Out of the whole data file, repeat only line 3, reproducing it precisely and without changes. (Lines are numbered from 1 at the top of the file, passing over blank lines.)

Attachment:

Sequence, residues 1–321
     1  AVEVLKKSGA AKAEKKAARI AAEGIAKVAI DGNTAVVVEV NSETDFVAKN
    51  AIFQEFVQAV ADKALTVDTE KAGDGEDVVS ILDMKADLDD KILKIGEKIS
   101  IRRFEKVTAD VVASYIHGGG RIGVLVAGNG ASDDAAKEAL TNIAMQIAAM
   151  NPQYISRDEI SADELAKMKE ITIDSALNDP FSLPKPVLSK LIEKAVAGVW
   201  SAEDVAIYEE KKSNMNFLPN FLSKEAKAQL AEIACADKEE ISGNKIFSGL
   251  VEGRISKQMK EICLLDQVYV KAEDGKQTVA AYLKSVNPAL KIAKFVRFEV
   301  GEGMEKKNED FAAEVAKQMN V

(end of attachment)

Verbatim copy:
    51  AIFQEFVQAV ADKALTVDTE KAGDGEDVVS ILDMKADLDD KILKIGEKIS